Koko's carrier-based aircrafts of WWII:
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Author:  BB1987 [ October 26th, 2020, 9:11 pm ]
Post subject:  Koko's carrier-based aircrafts of WWII:

Deprived of aircraft carrier tonnage allowances by treaty restrictions Koko no Kaigun air arm consisted only (anachronistically) of land-based units and shipborne reconnaissance seaplanes up to the mid-30s when the government decided to join Japan in its denunciation of naval treaties. The carrier-based aircraft division was officially established in 1937 as the country started its ambitious aircraft carrier building plan. Manufacturing of aircrafts followed suit in a mix of Japanese license-build and modifications that coupled with a few suprisingly capable own designs almost took Koko's carrier force from zero to hero in less than a decade before its unavoidable destruction at the hands of the enormous US industrial might and war effort.

Dedicated trainers/Reconnaissance/Other:

Author:  BB1987 [ October 26th, 2020, 9:11 pm ]
Post subject:  Re: Koko's carrier-based aircrafts of WWII:


-Mitsubishi A5M (Claude)
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Koko recieved a few units for evaluation in 1937, then started production locally in 1938 for what would become its first carrier-based fighter aircraft. By the time production wrapped up in January 1942 a total of 493 A5Ms had been built by four different Kokoan aircraft manufacturers (Enomoto, Ikehara, Okajima and Tokuda). Operationally the fighter was effectively embarked only on the two light carriers Ahodori and Fukuro and by the sart of the war in December 1941 all had been replaced by the A6M on frontline duties. The A5M then served in limited fashion on the escort carriers and land-based units until late 1943. 88 machines were converted into trainers by adding a second cockpit for the instructor pilot and operated in this new role until the end of the war.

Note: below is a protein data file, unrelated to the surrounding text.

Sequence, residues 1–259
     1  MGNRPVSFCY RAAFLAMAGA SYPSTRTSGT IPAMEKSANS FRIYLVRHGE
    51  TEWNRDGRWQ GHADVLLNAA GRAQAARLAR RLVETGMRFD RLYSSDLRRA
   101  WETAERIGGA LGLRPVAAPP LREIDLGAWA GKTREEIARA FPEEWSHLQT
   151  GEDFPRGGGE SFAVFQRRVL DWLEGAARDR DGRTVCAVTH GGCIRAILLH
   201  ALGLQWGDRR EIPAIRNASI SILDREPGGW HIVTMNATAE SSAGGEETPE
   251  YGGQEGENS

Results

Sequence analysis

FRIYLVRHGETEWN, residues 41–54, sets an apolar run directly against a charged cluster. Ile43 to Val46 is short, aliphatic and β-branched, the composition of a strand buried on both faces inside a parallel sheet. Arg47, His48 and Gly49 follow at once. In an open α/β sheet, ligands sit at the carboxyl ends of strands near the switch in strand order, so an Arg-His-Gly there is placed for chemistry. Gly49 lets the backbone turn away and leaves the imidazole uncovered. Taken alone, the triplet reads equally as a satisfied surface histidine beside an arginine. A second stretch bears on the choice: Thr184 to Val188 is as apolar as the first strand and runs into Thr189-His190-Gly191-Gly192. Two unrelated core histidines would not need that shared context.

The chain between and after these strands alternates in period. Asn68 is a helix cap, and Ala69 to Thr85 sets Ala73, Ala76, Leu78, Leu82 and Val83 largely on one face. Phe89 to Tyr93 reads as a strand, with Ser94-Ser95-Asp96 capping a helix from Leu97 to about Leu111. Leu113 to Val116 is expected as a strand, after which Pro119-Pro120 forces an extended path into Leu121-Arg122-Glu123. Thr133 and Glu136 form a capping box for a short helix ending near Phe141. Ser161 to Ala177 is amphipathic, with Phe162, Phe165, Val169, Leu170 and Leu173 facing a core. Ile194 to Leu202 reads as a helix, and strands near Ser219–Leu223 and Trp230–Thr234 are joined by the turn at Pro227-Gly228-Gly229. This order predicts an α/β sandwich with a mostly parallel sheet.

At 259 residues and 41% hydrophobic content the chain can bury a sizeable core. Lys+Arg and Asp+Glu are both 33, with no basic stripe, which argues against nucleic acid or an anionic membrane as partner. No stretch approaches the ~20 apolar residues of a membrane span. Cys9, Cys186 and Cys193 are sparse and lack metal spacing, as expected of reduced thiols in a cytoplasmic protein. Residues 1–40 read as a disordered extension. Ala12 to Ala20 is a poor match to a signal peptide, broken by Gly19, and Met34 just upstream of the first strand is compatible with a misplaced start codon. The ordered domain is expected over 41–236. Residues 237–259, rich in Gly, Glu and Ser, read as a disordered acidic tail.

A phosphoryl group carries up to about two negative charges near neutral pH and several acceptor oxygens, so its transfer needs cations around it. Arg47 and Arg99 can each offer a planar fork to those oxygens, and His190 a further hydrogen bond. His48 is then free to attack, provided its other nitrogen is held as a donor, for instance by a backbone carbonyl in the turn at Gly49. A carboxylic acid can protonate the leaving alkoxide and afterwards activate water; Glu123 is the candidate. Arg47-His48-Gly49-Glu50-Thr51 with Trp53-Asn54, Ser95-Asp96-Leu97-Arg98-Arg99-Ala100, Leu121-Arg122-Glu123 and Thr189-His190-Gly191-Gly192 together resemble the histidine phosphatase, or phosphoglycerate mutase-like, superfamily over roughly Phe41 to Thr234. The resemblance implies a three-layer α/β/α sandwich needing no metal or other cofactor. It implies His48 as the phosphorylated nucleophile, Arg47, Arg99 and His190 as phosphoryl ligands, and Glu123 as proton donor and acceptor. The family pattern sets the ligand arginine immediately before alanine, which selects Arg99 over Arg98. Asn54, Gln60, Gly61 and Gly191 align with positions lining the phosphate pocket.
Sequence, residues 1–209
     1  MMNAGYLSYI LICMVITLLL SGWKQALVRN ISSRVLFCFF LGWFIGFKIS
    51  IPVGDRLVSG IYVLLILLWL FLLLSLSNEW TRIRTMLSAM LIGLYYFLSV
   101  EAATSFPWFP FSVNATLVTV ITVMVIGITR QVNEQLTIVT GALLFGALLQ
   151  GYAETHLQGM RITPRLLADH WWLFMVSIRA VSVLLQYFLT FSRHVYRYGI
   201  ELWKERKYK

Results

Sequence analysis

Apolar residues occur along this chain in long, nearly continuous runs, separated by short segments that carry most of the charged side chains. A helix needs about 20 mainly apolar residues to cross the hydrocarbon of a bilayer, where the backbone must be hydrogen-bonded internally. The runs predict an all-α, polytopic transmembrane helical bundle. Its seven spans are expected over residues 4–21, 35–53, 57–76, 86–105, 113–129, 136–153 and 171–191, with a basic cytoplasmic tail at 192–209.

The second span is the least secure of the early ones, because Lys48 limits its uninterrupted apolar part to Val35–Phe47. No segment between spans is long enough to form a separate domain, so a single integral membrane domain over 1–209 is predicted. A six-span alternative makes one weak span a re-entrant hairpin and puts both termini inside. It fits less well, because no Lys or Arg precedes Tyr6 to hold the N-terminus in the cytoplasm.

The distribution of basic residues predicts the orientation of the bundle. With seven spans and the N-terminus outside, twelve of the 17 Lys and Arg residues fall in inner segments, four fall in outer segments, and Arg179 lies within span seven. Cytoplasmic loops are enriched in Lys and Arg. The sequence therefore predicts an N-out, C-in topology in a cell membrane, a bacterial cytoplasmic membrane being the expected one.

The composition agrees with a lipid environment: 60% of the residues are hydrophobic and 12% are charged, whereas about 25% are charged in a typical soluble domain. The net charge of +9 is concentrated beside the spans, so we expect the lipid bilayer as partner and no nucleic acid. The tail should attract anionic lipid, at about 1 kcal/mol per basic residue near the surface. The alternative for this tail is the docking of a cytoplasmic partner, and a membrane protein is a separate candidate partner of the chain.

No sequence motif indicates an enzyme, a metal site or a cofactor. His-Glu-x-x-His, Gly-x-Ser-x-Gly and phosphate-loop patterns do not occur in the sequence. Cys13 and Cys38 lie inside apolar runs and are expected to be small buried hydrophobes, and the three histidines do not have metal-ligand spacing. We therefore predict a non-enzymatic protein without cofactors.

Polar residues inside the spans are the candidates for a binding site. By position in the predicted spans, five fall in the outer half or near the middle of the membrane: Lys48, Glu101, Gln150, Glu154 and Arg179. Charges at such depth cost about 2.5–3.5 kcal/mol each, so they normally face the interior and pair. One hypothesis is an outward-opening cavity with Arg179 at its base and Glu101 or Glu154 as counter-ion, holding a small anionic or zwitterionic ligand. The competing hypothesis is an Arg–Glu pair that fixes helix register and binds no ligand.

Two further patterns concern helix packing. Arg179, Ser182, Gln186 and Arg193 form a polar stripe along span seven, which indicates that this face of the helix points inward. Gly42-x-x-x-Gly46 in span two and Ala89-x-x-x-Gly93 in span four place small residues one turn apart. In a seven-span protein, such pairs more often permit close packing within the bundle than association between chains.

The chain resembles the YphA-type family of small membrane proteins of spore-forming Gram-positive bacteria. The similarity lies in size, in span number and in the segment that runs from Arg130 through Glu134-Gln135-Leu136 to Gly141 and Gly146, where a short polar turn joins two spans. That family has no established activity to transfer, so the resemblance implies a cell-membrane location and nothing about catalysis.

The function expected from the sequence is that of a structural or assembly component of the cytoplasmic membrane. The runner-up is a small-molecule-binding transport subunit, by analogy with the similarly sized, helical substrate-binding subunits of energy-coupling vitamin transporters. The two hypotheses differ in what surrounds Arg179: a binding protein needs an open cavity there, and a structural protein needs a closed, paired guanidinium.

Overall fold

-Mitsubishi A6M Reisen (Zeke/Zero)
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With local production starting in 1940, the renowned Rei-Sen fighter entered service with Koko no Kaigun in March 1941, and by the time conflict erupted in the Pacific some 130 were in service. The A6M2b model formed the mainstay of Koko's frontline carrier-fighters for the first year of the war before progressively being moved to the escort carriers, land-based and second-line units. When production ended in early 1943, 796 machines had been built.